Monday, September 26, 2011

Lectio Divina

We recently had an excellent Lectio Divina retreat with our new Postulants. We spent the weekend at the hermitage in upstate New York amidst the silence of the woods. A little silence and space for the Lord to speak is greatly needed - and doable! We simply prayed and slowly read a few passages from the Gospel of St. Luke (a personal favorite). It was beautiful to hear what the text was saying to each one.

I highly recommend the Catholic Prayer Bible, Lectio Divina Edition. Paulist Press has done a great job with this aid to praying with God's Word.

found here

God bless you,

Fr. Luke Mary Fletcher, CFR
Saint Joseph Friary, Harlem, NY

Friday, September 9, 2011

We Remember

The call came to our friars from the firemen next to our friary on 156th Street in the Bronx. “Please get down to Ground Zero – we need you there.” It was the day after 9/11. The plan was to meet at the Bronx firehouse and take a bus with the firemen who would be transported to help at Ground Zero.

So a group of us friars, priests and brothers, waited at the firehouse with the firemen the morning of 9/12 to head across the bridge by bus to Manhattan. The firemen sat in silence while watching the news on the television. Also, a fireman was writing a list of names on a chalkboard, the names of their confreres who had died.

Pain was written on their faces. There were no words that seemed appropriate. We just sat praying silently next to them and waited. The bus was delayed so we were encouraged by the firemen to take the subway to Manhattan as far as could and then to walk the rest of the way. That we did – we passed two barricades at which we simply said, “The firemen asked us to go to Ground Zero.” We were given the OK.

Before we knew it we were at a place that seemed surreal. Somehow we were there, yet it didn’t seem real: skeletons of buildings, broken glass, water pouring down escalators, grey soot up to our ankles, most of all the pained faces of heroes trying their best to do something, anything.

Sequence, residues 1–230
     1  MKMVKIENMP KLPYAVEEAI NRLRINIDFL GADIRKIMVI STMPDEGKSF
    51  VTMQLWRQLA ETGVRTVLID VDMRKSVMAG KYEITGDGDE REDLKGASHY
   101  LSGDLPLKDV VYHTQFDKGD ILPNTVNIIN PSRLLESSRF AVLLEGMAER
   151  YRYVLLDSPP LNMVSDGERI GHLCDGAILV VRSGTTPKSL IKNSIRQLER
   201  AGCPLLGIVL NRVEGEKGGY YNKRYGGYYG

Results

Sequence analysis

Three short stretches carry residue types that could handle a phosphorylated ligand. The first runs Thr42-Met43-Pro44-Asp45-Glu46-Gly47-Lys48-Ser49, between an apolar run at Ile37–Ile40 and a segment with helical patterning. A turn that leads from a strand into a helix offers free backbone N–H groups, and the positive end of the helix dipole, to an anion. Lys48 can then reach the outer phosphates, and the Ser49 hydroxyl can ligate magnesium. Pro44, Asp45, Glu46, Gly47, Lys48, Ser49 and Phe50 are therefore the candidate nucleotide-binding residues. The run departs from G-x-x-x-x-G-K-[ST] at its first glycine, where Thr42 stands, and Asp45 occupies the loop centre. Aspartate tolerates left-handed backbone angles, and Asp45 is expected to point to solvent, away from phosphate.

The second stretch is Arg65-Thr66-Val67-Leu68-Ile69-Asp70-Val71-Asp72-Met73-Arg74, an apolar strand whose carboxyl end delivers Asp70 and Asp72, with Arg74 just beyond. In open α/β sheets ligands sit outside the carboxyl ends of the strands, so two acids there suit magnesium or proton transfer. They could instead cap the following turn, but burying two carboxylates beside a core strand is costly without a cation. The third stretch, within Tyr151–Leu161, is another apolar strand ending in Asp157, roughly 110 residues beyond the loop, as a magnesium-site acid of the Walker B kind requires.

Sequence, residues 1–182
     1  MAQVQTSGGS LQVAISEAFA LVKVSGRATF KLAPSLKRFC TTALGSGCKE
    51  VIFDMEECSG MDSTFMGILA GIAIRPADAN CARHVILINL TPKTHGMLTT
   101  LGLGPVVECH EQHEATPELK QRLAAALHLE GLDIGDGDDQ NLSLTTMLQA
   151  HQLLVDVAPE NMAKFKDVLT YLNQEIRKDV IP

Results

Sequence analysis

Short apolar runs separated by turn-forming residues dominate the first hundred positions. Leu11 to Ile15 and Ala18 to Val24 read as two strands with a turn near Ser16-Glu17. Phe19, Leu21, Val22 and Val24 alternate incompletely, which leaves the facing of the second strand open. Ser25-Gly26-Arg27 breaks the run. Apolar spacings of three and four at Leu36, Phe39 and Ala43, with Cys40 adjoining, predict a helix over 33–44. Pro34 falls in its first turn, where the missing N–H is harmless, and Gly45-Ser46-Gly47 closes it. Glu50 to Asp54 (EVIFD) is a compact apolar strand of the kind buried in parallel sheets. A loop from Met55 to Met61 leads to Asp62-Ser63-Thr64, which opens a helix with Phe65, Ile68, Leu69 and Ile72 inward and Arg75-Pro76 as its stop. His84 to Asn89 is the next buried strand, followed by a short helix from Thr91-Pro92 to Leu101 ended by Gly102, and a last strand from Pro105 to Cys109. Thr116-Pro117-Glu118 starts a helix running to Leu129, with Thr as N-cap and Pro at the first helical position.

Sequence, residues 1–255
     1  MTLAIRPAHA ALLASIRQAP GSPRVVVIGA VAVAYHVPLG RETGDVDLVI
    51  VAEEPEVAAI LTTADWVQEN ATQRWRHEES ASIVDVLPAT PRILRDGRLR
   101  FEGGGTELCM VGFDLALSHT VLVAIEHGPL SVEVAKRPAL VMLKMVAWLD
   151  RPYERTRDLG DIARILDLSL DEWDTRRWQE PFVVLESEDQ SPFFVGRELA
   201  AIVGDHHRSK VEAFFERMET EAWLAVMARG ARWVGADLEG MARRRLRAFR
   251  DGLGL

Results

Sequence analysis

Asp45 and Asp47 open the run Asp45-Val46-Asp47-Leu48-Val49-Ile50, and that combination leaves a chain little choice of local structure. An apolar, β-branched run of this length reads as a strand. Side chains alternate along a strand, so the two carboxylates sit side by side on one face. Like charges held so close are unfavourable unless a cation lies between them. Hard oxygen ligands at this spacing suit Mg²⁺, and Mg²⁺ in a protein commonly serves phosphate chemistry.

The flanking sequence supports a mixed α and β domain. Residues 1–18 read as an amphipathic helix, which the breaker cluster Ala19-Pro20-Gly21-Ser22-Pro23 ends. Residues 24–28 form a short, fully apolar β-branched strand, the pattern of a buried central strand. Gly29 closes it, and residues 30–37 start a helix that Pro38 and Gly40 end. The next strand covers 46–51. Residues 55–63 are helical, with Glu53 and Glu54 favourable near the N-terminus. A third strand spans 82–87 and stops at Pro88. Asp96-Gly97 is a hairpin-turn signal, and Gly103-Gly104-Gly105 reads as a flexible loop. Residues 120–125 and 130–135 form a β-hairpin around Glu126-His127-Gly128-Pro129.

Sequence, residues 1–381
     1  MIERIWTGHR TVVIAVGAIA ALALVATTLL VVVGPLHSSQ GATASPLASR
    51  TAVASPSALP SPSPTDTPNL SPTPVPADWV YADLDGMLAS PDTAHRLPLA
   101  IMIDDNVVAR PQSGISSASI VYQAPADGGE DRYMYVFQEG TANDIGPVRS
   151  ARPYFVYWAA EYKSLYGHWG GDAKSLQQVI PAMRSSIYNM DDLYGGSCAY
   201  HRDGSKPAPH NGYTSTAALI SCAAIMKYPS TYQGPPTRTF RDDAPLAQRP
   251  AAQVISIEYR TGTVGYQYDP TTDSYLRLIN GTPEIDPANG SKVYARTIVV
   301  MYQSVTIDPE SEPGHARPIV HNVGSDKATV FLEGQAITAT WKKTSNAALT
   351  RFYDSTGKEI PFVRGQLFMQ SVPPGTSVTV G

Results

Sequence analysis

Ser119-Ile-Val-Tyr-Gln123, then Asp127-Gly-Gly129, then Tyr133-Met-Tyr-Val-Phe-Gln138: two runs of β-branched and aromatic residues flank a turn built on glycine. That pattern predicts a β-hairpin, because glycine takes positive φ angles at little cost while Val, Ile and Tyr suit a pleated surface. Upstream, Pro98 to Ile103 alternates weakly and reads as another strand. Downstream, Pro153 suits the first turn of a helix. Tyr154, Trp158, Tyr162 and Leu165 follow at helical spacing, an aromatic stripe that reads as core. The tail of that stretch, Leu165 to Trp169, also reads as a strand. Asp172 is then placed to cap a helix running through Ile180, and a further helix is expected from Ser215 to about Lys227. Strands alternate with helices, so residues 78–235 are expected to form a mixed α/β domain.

My responsibility was to bless the bodies which were being removed from the rubble. The unmistakable orange body-bags were carried with great dignity. I stood next to a Rabbi and a Protestant Minister. As the bodies were being carried to the first temporary morgue the bearers paused, we prayed, gave a blessing and cried.

Other friars prayed with small groups of firemen, policemen and other responders. Only prayer and simply being present seemed to be appropriate. Some brothers gave out rosaries and offered their shoulders to cry on. Noting Saint Francis’ love for animals we were asked to bless the specially trained dogs which were helping with the search for remains.

On the way back to the Bronx we rode the bus with the firemen. We rode through Manhattan as crowds of people waved and showed signs of support. We sat in silence. Only prayer and simply being present seemed appropriate.

Fr. Mariusz Koch, CFR
Community Servant
Most Blessed Sacrament Friary, Newark, NJ

Letter from Pope Bendict to US Bishops
Sept. 11, 2011

Prayer of Pope Benedict XVI at Ground Zero
April 20, 2008

Friday, September 2, 2011

An Eternal Perspective

Often times we are guilty of being nearsighted, therefore we can only see what is in front of us and everything further away is foggy and unclear.  Since we cannot see too far in the distance we tend to concentrate on what is only directly in front of us.  The danger here is that we are not embracing all of reality, but only a very small portion of it.

In this life it is easy to be overwhelmed by sufferings, trials, disappointments, fears and a million other things that stand directly in front of us.  Our faith reminds us there is a greater part of reality we are not seeing.  There is a greater part of reality that we often ignore.  It is the reality of heaven!

This world, with all of its struggles and disappointments, does not contain the complete picture of our lives.  The Catechism says that “heaven is the ultimate end and fulfillment of the deepest human longings, the state of supreme, definitive happiness” (Catechism of the Catholic Church, 1024).

Without this eternal perspective we will be overwhelmed by this life and all its drama.  Happiness, peace, joy and fulfillment are not simply part of a fairy tale.  We can experience them in pieces in this life, yet in heaven they will be ours in abundance.  Let us keep heaven before us always and remember that by doing so we are not neglecting anything, but in fact are embracing the fullness of reality.

God bless you,
Fr. Jeremiah Myriam Shryock, CFR
St. Felix Friary, Yonkers, New York